The Campbell County School District is extending its food service of providing free breakfast and lunch for students through the summer beyond June 30.

“We’re going to go for sure through the end of July,” said Bryan Young, the districts food services manager.

Providing meals for students at home began March 23 as a way to continue feeding kids when the COVID-19 pandemic closed school buildings. Since the end of the school year, the district has continued providing meals.

To make that happen, the local district had to get a waiver from the U.S. Department of Agriculture’s Food and Nutrition Service’s Summer Food Service Program. The program normally requires feeding program extensions like this one to be in areas where at least 50% of participants are eligible for free or reduced-price meals.

The federal agency at first allowed school districts to extend their food services through June 30, and has since extended that through Aug. 31.

Young described the process in Campbell County as a “grab-and-go” model where any adult can stop by distribution locations between 9 a.m. and noon to pick up both breakfast and lunch for their school-aged students.

Beginning Monday, meals will be distributed at seven school sites:

  • Buffalo Ridge Elementary
  • Lakeview Elementary
  • Sunflower Elementary
  • Hillcrest Elementary
  • Pronghorn Elementary
  • Wright Junior High School
  • Rozet Elementary

Members of the Boys & Girls Club of Campbell County are also receiving meals from the district, said Nate Grotrian, the club’s executive director.

The program so far this summer has fed a lot of kids at the club, an average of more than 100 a day.

While the district hasn’t tallied all the meals it’s served through June so far, it reports 116,953 breakfasts and 117,029 lunches were handed out between March 23 and May 11. The district estimated it will serve another 136,000 breakfasts and 136,000 lunches from May 12 and June 30.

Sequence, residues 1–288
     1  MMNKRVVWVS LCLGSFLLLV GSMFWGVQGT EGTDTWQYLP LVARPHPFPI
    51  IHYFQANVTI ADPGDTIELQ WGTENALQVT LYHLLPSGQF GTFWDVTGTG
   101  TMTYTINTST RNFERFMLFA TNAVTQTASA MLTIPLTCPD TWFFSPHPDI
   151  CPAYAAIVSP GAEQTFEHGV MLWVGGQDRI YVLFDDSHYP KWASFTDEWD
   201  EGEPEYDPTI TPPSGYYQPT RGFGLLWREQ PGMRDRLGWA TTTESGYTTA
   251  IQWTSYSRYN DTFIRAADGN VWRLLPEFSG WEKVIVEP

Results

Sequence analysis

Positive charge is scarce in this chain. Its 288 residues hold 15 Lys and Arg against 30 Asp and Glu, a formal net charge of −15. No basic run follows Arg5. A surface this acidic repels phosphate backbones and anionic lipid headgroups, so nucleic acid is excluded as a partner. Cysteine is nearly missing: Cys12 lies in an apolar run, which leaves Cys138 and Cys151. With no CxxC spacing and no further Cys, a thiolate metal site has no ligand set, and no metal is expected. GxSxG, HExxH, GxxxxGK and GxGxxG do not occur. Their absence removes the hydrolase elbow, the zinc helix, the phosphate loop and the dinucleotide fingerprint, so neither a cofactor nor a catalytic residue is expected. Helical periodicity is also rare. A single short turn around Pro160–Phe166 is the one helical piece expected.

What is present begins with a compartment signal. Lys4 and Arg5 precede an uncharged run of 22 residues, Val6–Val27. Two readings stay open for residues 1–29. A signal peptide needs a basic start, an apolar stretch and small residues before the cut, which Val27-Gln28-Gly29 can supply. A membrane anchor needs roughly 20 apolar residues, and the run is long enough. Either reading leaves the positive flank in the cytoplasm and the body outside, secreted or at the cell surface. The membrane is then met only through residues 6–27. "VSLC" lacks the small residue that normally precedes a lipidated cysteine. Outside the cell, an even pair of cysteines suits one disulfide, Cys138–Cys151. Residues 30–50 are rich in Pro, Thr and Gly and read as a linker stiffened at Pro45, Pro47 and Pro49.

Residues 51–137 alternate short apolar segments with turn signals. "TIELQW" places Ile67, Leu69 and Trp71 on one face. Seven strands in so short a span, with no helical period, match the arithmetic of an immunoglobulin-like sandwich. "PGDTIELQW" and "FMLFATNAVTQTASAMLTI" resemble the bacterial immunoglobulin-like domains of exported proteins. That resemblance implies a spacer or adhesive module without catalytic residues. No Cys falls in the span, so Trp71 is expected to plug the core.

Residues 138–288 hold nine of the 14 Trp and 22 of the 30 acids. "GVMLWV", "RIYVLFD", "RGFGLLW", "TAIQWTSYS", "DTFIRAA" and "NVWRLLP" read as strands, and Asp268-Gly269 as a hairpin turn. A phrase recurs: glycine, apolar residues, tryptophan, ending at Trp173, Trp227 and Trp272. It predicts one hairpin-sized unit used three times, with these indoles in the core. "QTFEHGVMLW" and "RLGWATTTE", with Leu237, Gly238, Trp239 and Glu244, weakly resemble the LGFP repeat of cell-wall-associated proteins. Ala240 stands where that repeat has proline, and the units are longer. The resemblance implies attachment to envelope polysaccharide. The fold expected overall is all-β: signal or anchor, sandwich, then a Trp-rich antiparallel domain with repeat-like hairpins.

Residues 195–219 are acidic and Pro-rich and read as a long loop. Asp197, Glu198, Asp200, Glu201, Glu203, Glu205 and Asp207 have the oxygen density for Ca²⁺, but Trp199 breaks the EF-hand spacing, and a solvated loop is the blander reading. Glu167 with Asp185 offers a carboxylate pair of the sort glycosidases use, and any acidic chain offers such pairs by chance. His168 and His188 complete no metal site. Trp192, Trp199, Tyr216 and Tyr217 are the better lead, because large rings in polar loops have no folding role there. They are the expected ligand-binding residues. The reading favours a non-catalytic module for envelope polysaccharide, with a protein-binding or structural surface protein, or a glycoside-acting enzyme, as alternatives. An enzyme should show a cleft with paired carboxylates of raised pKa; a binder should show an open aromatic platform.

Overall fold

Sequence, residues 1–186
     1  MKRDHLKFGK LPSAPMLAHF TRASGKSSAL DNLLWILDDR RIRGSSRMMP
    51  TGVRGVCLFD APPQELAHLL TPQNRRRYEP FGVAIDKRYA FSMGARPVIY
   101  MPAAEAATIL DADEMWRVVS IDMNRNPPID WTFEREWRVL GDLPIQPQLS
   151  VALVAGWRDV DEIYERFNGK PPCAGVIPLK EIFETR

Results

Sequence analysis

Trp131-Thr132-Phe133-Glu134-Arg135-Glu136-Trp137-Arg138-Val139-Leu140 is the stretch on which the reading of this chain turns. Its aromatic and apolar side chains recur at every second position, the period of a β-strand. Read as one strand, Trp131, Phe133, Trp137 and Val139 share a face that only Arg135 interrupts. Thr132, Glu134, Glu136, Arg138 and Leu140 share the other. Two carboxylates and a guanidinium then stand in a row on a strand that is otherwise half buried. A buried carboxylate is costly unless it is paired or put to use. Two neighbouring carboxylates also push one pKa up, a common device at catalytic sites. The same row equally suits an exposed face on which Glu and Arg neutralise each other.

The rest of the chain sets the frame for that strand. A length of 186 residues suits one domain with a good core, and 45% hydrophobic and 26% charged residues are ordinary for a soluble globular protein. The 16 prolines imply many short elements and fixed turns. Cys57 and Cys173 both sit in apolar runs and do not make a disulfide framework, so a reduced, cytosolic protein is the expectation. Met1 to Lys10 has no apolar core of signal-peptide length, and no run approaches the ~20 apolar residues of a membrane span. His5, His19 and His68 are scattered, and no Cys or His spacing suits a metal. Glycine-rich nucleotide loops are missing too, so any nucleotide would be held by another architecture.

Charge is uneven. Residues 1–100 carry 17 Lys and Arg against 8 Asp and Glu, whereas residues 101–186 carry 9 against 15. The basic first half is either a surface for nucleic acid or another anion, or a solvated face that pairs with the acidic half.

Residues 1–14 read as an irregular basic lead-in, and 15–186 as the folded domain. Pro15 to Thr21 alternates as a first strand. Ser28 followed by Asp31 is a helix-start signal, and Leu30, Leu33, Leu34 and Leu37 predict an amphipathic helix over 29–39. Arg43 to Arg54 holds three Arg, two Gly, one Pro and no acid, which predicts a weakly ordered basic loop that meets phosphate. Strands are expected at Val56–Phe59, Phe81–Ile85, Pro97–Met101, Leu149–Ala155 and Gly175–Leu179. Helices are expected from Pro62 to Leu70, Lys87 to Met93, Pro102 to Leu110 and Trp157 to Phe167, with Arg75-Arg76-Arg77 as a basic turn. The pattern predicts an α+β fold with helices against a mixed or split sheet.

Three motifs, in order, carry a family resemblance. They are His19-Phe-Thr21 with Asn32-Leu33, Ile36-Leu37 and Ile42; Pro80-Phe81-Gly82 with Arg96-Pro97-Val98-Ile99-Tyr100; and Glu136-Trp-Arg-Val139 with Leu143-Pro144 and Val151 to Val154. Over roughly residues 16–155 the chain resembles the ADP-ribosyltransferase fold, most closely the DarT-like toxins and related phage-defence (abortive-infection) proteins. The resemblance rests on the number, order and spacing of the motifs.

“We gave out 2,178 on last Friday,” Young said, adding the number was down from the average Friday tally of 3,700 meals in previous weeks.

Fridays tended to be the highest-volume day of the week, he said.

The Monday through Thursday average now is around 1,700 to 1,800, he said. It had been about 3,400 for those same days earlier in the summer right after school let out.

Campbell County’s numbers are just an example of what’s happening at districts around Wyoming, said Tamra Jackson, director of child nutrition for the state Department of Education.

“All of the meals that were served in April, it was a little over a million meals” distributed at 250 sites across the state, she said.

Jackson said she’s glad for the national waivers that allow 16 communities around the state to feed kids that wouldn’t have qualified without them.

Jackson said she thought COVID-19 has “opened the eyes of people who might complain about school lunches,” which she said happened because school lunches are “an easy target on social media.”

The coronavirus pandemic showed people just how important school lunches are, she said.

Looking ahead, there’s still a lot of uncertainty about public education, including food service programs. Young said he doesn’t want to speculate about a definite date when the Campbell County School District may stop offering meals for kids at home.

One challenge might materialize if there’s a mixture of students attending classes at a school and others doing distance learning.

“Currently the concern is, the way the law is written, when school is open you’re on the National School Lunch Program, and you can’t flip back and forth (between the summer food service program),” Jackson said.

Jackson didn’t want to speculate about what the fall might bring.

“I have no idea what another outbreak would look like, but we’ll figure it out and feed kids,” Jackson said. “I guarantee you.”

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